Depression has different etiological factors and characteristics. There are many common reoccurring themes of depression. Depression that results due to extreme self-criticism and self demanding perfectionism is also described as introjective depression. The following will portray the tendencies and implications of being depressed due to self-criticism.
The main issues of the introjective depression are self-worth, autonomy and self-definition. The depressed is preoccupied with and consumed by an inner need to demonstrate intelligence, ability, independence, strength and excellence to others, which enable him or her to conceal actual feelings of inferiority (Blatt, 2004). The self-critically depressed commonly have great need in recognition and acceptance. The need of achievement, high efficiency and perfectionism originates from an intense and strong need of social approval, respect and the need to gain love from the surroundings. The individual may appear to the naked eye as successful, talented and ambitious but the lack of ability to enjoy and savor one’s own accomplishments leaves one feeling empty and a failure. In attempt to establish a good sense of self, one tries to excel in everything that one does. Inability to live up to the internalized standards, the repeated experiencing of failure and feelings of inadequacy may increase the severity of depression.
Introjective depression is characterized by feelings of guilt, hopelessness, inadequacy, inferiority, unworthiness and frustration from the inability to living up to the impossibly high expectations (Burke & Haslam, 2001). The strong motivation to succeed also increases susceptibility to the experience of failure, criticism and self-scrutiny. The self of the introjective depressed is shaped by the perceptions of their own shortcoming. The depressed report low self-esteem and are very vulnerable to criticism. Self-critics tend to assume responsibility and condemn themselves when things go wrong. They also perceive themselves to be incompetent and inadequate (Zuroff & Mongrain, 1987) which only intensify and multiplies depressive emotions and thoughts.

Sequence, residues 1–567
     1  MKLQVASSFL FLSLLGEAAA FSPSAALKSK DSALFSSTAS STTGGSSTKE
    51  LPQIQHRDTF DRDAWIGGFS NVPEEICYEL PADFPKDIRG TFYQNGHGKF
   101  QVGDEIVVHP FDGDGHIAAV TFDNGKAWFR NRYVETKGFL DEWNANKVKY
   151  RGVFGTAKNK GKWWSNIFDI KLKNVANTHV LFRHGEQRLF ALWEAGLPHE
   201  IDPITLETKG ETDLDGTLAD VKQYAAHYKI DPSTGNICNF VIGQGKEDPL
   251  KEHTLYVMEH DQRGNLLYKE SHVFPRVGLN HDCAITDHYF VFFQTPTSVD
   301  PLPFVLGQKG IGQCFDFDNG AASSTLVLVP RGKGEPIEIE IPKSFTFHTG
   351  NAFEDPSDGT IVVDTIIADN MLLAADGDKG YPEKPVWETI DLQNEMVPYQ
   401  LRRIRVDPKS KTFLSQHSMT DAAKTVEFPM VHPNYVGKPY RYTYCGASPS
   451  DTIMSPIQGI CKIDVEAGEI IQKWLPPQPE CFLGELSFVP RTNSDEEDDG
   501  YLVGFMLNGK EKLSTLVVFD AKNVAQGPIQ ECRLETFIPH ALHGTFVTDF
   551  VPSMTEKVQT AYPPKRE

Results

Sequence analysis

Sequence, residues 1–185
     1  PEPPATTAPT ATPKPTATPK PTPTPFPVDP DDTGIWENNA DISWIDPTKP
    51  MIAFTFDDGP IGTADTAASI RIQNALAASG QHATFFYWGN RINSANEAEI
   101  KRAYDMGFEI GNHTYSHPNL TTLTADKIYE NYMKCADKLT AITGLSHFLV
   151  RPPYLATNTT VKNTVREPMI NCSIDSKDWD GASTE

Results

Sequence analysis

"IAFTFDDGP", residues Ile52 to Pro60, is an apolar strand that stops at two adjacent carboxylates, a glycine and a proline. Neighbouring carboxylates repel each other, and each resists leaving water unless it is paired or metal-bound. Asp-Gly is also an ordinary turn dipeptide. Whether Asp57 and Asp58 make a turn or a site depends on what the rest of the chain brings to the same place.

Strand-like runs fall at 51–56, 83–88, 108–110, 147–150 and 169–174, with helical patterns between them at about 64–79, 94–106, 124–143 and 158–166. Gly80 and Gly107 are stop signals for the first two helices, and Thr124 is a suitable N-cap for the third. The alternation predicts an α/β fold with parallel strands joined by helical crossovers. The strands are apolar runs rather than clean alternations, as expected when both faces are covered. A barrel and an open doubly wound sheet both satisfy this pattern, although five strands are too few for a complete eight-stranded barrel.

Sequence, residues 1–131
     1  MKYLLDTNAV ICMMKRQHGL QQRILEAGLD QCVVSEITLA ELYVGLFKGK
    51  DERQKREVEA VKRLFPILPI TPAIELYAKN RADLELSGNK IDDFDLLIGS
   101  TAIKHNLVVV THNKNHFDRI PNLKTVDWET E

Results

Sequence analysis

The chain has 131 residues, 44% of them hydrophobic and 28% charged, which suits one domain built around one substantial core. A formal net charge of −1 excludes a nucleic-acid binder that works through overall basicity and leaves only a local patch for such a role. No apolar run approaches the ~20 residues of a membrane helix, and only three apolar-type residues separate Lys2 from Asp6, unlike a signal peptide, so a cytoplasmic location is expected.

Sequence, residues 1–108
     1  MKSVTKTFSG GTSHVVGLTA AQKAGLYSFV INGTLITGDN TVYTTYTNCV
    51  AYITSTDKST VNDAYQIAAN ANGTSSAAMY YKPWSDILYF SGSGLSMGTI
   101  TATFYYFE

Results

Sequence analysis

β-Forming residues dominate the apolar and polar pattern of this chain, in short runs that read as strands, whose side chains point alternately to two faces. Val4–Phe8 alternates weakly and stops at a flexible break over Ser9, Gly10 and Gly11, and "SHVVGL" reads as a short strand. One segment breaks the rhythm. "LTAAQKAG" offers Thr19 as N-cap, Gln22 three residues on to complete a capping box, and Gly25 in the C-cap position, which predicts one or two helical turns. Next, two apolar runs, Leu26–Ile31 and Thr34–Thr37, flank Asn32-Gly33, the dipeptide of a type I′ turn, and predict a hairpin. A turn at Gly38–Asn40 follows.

Self-critics are also very distrusting of others. They act formally and cautiously with others in order to avoid additional criticism and ridicule as a result of the self-disclosure (Blatt, 2004). Due to the extreme self-criticism they are very careful not to expose their negative self to others. The perception that others do not approve of the individual will increase vulnerability to depression. Furthermore, the self-critically depressed tend to avoid asking for support and help in times of need. Lack of social support increases their vulnerability and maintains the depressive symptoms. The self-critical style of depression leads to negative interpersonal relationships and distance, which elevates stress levels due to a lack of buffer and exposes them to additional rejections by the surroundings. Their tendency to self-blame and avoidant coping increases the levels of stress and distress felt, which in turn reduce adaptive abilities even more and intensify the depression felt.
Blatt, S. J. (2004). Experiences of depression: theoretical, clinical and research perspectives. Washington: American psychological press.
Burke, A. & Haslam, N. (2001). Relations between personality and depressive symptoms: a multimeasure study of dependency, autonomy, and related constructs. Journal of Clinical Psychology, 57, 7, 953-961.
Zuroff, D. C., & Mongrain, M. (1987). Dependency and self-criticism: vulnerability factors for depressive affective states. Journal of Abnormal Psychology, 96, 1,14-22.